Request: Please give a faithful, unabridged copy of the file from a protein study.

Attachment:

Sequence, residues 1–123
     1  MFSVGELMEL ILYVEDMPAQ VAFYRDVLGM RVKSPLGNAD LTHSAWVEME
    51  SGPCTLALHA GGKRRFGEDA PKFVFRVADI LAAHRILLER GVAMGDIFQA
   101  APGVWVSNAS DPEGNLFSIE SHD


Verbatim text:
Sequence, residues 1–123
     1  MFSVGELMEL ILYVEDMPAQ VAFYRDVLGM RVKSPLGNAD LTHSAWVEME
    51  SGPCTLALHA GGKRRFGEDA PKFVFRVADI LAAHRILLER GVAMGDIFQA
   101  APGVWVSNAS DPEGNLFSIE SHD